Kristol tells Romney not to short change national security
Presumptive Republican presidential nominee Mitt Romney was criticized Tuesday for giving a national security speech light on details, and today a top Republican pundit called on him to stop downplaying the importance of national security on the stump. Weekly Standard editor William Kristol called out Romney today for what he sees as the candidate’s unhelpful ...
Presumptive Republican presidential nominee Mitt Romney was criticized Tuesday for giving a national security speech light on details, and today a top Republican pundit called on him to stop downplaying the importance of national security on the stump.
Weekly Standard editor William Kristol called out Romney today for what he sees as the candidate’s unhelpful statements on national security priorities. Kristol references a Wall Street Journal article in which Romney is said to quote former Secretary of State James Baker saying that President Ronald Reagan decided not to have any national security meetings in his first 100 days as president, after Baker convened one meeting related to Latin America.
"And after the meeting, President Reagan called me in and said, ‘I want no more national-security meetings over the next 100 days-all of our time has to be focused on getting our economy going,’" Romney recalled Baker saying, according to the Journal.
Kristol actually reviewed the archives of Reagan’s meetings from the Reagan Foundation records and said the anecdote was either false or that Reagan’s comments were never meant to be taken literally.
"In fact, I’ll buy Jim Baker a very good dinner next time he’s in Washington if he or anyone else can find a 100-day stretch (or a 10-day stretch) of the Reagan presidency in which President Reagan was involved in no national security meetings," Kristol wrote. "To say nothing of the fact that he ran for the presidency highlighting national security issues, and was a historic president in large part because of his national security accomplishments.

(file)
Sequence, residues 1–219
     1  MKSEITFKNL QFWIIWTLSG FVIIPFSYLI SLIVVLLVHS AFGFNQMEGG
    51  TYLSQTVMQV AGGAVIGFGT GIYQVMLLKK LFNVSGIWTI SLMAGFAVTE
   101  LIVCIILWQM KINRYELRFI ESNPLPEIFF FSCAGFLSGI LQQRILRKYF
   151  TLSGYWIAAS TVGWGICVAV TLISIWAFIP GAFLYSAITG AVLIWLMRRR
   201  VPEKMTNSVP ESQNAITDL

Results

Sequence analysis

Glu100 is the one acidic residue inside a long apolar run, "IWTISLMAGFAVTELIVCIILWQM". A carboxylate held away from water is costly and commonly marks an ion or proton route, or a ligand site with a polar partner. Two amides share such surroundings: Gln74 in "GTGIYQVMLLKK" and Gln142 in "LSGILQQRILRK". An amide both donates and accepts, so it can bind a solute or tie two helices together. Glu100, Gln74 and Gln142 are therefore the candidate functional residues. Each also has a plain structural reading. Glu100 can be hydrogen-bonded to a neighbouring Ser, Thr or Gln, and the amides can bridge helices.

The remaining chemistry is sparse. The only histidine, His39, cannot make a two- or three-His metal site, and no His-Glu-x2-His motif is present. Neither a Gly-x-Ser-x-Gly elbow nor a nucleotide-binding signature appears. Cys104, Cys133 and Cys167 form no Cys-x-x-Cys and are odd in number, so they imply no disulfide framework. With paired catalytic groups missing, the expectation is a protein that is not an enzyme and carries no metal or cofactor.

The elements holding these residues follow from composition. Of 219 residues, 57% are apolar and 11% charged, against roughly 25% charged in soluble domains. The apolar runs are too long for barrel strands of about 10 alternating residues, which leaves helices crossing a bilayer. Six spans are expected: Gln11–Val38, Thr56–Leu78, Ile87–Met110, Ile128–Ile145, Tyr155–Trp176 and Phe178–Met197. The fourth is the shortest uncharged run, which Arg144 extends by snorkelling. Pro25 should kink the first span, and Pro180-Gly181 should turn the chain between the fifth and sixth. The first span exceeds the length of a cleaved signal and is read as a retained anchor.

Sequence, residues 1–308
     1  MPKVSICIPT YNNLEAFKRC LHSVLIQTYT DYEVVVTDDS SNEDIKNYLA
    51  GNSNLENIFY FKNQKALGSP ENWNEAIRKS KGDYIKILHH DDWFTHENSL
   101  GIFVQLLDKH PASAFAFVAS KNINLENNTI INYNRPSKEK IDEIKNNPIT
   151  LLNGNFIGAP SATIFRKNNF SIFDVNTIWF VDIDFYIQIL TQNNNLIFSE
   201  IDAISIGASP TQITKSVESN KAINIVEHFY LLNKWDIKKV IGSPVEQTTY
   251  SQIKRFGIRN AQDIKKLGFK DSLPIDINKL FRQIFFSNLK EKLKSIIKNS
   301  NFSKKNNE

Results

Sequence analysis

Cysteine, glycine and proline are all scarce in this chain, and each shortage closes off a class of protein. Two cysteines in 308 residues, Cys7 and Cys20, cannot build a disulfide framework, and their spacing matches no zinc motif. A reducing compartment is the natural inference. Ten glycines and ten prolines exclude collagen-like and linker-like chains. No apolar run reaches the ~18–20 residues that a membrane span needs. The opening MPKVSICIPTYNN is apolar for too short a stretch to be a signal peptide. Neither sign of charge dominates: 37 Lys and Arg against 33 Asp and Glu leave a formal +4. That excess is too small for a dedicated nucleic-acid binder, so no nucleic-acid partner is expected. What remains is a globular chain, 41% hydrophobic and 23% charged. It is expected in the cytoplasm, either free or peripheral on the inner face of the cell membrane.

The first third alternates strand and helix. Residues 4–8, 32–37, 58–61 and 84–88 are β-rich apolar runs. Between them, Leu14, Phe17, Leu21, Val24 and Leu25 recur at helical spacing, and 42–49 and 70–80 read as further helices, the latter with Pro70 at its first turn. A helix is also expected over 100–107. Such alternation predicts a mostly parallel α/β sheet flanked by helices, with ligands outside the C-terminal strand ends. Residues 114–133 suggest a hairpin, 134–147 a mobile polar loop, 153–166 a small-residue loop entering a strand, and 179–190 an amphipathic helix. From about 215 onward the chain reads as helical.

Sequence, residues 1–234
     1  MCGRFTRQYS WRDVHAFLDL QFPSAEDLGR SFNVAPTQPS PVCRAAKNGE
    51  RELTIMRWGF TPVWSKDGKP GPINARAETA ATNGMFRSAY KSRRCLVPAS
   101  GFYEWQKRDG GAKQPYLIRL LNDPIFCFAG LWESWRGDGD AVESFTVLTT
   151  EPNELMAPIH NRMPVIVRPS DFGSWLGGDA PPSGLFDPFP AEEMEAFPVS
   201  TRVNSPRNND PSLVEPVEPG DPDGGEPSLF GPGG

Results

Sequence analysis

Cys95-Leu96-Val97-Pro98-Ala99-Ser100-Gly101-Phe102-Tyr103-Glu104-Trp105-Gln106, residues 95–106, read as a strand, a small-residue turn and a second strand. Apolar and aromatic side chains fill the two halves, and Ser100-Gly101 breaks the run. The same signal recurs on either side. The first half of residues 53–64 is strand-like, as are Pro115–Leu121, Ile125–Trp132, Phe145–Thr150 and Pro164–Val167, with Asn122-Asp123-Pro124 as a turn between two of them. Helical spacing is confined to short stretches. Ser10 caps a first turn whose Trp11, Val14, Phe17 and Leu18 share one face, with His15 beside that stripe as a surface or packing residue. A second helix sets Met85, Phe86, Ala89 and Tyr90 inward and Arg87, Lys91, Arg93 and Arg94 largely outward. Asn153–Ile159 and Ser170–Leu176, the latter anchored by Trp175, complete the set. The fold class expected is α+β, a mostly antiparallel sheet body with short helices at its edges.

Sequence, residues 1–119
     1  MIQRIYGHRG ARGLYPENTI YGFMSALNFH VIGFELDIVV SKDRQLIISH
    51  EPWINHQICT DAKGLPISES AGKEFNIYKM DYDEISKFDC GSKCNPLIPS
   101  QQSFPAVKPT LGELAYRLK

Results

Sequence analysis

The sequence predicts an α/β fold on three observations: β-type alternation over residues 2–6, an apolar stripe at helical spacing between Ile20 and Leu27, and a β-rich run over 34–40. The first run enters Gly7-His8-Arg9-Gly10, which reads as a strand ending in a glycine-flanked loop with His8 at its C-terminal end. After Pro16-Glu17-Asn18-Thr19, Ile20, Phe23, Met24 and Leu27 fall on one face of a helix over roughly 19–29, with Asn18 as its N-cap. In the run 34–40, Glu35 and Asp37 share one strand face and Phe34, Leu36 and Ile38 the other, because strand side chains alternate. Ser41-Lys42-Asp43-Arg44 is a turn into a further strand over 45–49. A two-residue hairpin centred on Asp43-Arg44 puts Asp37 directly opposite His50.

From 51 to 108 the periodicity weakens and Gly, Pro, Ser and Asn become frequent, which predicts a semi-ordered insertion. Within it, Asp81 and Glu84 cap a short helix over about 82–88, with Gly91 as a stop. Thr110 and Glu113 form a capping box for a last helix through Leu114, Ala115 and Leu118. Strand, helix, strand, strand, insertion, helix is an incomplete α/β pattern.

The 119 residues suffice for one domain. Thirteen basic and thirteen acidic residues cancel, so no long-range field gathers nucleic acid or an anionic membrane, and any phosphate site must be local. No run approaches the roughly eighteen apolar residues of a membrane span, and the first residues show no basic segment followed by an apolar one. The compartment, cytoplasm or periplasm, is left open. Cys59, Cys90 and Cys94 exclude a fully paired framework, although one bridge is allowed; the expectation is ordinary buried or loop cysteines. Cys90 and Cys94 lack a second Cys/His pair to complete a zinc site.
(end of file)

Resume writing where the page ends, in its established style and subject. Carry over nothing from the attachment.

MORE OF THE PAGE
"So, reminder to Mitt Romney: With respect to the presidency, national security isn’t a bug; it’s a feature," Kristol said.
Romney’s use of the anecdote also upset former Bush advisor Marc Thiessen, who wrote on the website of the American Enterprise Institute that Romney’s use of the anecdote shows a misunderstanding of the presidency and the world the next president will inherit.
"But the fact that Romney thinks it would be desirable to ignore the world for his first 100 days is troubling," Thiessen wrote. "Yes, the American people are focused on the economy — and understandably so. But Romney isn’t running for Treasury secretary — he is running for commander in chief. And those responsibilities begin on Day 1 of his presidency."
Josh Rogin covers national security and foreign policy and writes the daily Web column The Cable. His column appears bi-weekly in the print edition of The Washington Post. He can be reached for comments or tips at firstname.lastname@example.org.
Previously, Josh covered defense and foreign policy as a staff writer for Congressional Quarterly, writing extensively on Iraq, Afghanistan, Guantánamo Bay, U.S.-Asia relations, defense budgeting and appropriations, and the defense lobbying and contracting industries. Prior to that, he covered military modernization, cyber warfare, space, and missile defense for Federal Computer Week Magazine. He has also served as Pentagon Staff Reporter for the Asahi Shimbun, Japan's leading daily newspaper, in its Washington, D.C., bureau, where he reported on U.S.-Japan relations, Chinese military modernization, the North Korean nuclear crisis, and more.
A graduate of George Washington University's Elliott School of International Affairs, Josh lived in Yokohama, Japan, and studied at Tokyo's Sophia University. He speaks conversational Japanese and has reported from the region. He has also worked at the House International Relations Committee, the Embassy of Japan, and the Brookings Institution.
Josh's reporting has been featured on CNN, MSNBC, C-Span, CBS, ABC, NPR, WTOP, and several other outlets. He was a 2008-2009 National Press Foundation's Paul Miller Washington Reporting Fellow, 2009 military reporting fellow with the Knight Center for Specialized Journalism and the 2011 recipient of the InterAction Award for Excellence in International Reporting. He hails from Philadelphia and lives in Washington, D.C. Twitter: @joshrogin
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